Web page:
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BUSINESS
November 30, 2012 | By Tiffany Hsu, Los Angeles Times
Hostess Brands Inc., in the midst of winding down its business, won approval Thursday from a federal bankruptcy judge to give as much as $1.75 million in bonuses to its executives. The money is intended as an incentive for 19 top-level managers to remain with the Twinkies and Ding Dongs maker to oversee its liquidation. The payouts will be granted only if managers "achieve a set of specific tasks and goals within a specified time frame that are designed to speed and lower the cost of the wind-down," Hostess spokesman Lance Ignon said.
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CALIFORNIA | LOCAL
August 30, 1991 | BILL BOYARSKY
Gloria Molina began slicing up Los Angeles County Administrative Officer Richard Dixon at Tuesday's supervisorial meeting about an hour before lunch. At first, the newest Los Angeles County supervisor used her knife on the veteran chief fiscal officer in a deceptively slow manner, poking around, deciding where to cut, as if she were preparing to carve the Thanksgiving turkey.
CALIFORNIA | LOCAL
August 28, 1991 | RICHARD SIMON, TIMES STAFF WRITER
Embarrassed by disclosures that financially strapped Los Angeles County paid $3 million in employee bonuses last year, the Board of Supervisors on Tuesday moved to suspend the controversial pay program. The decision came after Supervisor Gloria Molina delivered an unusual public scolding of Chief Administrative Officer Richard B. Dixon for failing to inform her of the "generous" bonus program when supervisors were forced to cut services because of budget problems last month.
BUSINESS
January 10, 1998 | Washington Post
The Securities and Exchange Commission, which is losing experienced lawyers and accountants to high-paying private-sector jobs, has proposed offering some of its most essential employees "retention allowances" of as much as $25,000 to entice them to stay a while longer. The SEC would like to start awarding these bonuses based on a modest scale of about 10% to 20% of total salary. An experienced trial lawyer, for example, can make a salary of $99,000 a year.
CALIFORNIA | LOCAL
October 30, 2001 | MARTHA GROVES and DUKE HELFAND, TIMES EDUCATION WRITERS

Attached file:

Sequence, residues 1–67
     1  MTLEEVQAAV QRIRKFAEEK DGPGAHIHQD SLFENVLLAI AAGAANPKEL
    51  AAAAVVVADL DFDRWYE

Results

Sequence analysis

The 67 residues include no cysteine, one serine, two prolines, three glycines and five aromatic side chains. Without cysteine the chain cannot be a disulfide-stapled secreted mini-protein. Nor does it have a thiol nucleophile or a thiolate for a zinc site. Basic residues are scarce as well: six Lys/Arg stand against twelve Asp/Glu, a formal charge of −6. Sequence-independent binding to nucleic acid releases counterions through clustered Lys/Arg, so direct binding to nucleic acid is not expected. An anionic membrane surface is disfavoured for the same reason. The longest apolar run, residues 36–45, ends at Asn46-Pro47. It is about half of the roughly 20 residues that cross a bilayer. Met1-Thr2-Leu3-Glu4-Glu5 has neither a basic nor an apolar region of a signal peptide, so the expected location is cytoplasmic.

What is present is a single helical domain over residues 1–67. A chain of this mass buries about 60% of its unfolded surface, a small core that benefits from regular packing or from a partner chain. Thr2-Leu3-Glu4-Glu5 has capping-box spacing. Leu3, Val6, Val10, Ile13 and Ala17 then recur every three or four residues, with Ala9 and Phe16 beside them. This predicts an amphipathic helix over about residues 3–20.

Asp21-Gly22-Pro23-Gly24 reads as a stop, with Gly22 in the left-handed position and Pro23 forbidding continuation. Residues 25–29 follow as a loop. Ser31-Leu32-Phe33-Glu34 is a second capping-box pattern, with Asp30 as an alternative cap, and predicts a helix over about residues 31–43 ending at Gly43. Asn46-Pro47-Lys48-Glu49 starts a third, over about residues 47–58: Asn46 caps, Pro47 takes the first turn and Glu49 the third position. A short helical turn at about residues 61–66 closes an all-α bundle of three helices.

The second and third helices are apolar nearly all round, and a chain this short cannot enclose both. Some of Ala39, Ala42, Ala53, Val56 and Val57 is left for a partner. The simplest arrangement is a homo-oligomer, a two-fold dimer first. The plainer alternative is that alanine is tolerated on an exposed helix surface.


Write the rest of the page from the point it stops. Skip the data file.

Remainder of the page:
Teacher Scott Haddad is about to get a check from the state for $3,300--and he's none too pleased about it. The way Haddad sees it, he should be getting $5,000, part of the big-money rewards finally heading to schools with huge test-score gains. But because the Los Angeles teachers union refused to negotiate the amounts of the big bonuses, as set out in a law, the money is being distributed essentially by seniority at low-performing schools that showed marked improvement.
BUSINESS
May 8, 2007 | From Times Staff and Wire Reports
New Century Financial Corp., an Irvine-based sub-prime mortgage lender being liquidated in bankruptcy, won court permission Monday to pay about $3.2 million in bonuses to 116 executives and key managers. The approved plan was sharply scaled back from the company's initial proposal, which would have paid $6.3 million to employees, including Chief Executive Brad Morrice.
CALIFORNIA | LOCAL
May 22, 2011 | By Gretchen Meier, Los Angeles Times
A Los Angeles County Superior Court judge has ordered the city of Burbank to release data on bonuses paid to individual employees, saying the taxpayers' right to know exceeded any workplace privacy concerns. Superior Court Judge Ann I. Jones ruled Friday in a lawsuit filed by the Burbank Leader after city officials refused to make individual bonuses public. Jones cited legal precedent, telling the parties that previous court rulings "basically said, 'Man up, public employees.
BUSINESS
December 11, 2009 | By Walter Hamilton and Martin Zimmerman
Facing persistent criticism of its huge pay packages, investment banking powerhouse Goldman Sachs Group Inc. said Thursday that it would buck long-standing Wall Street tradition and pay no year-end cash bonuses to 30 top executives. Instead, the firm will give those employees bonuses made up entirely of Goldman Sachs stock and will bar them from selling the shares for five years. The company also said it would give shareholders a formal voice regarding executive pay. By implementing a number of compensation reforms that Wall Street critics have long championed, Goldman is acting to discourage its employees from taking excessive financial risks.
SPORTS
July 9, 2011 | By Kevin Baxter
Foreign affairs The international signing period got off to a torrid start when the Texas Rangers signed 16-year-old Dominican outfielder Nomar Mazara to a record-breaking deal reported to be worth more than $5 million. That would be the largest bonus paid to a non-Cuban Latin prospect, eclipsing the $4.25 million that Oakland gave right-hander Michael Ynoa in 2008 — and it's more than 27 teams paid for all of their international signings last year. Texas also spent $3.5 million to sign 16-year-old outfielder Roland Guzman out of the Dominican Prospect League, meaning the Rangers shelled out more to sign two teenage free agents than they spent in the 50-round June draft last season.
NEWS
December 15, 1996 | GREG MILLER, TIMES STAFF WRITER
Setting a staggering new standard for generosity to employees, the co-founders of an Orange County technology company unveiled a $100-million bonus package at the company's holiday party Saturday night, and will soon begin giving workers checks for up to three times their annual salaries. With payments averaging $75,000, the largess represents employees' share of the $1.5-billion windfall received by David Sun and John Tu when they sold 80% of Kingston Technology Corp.
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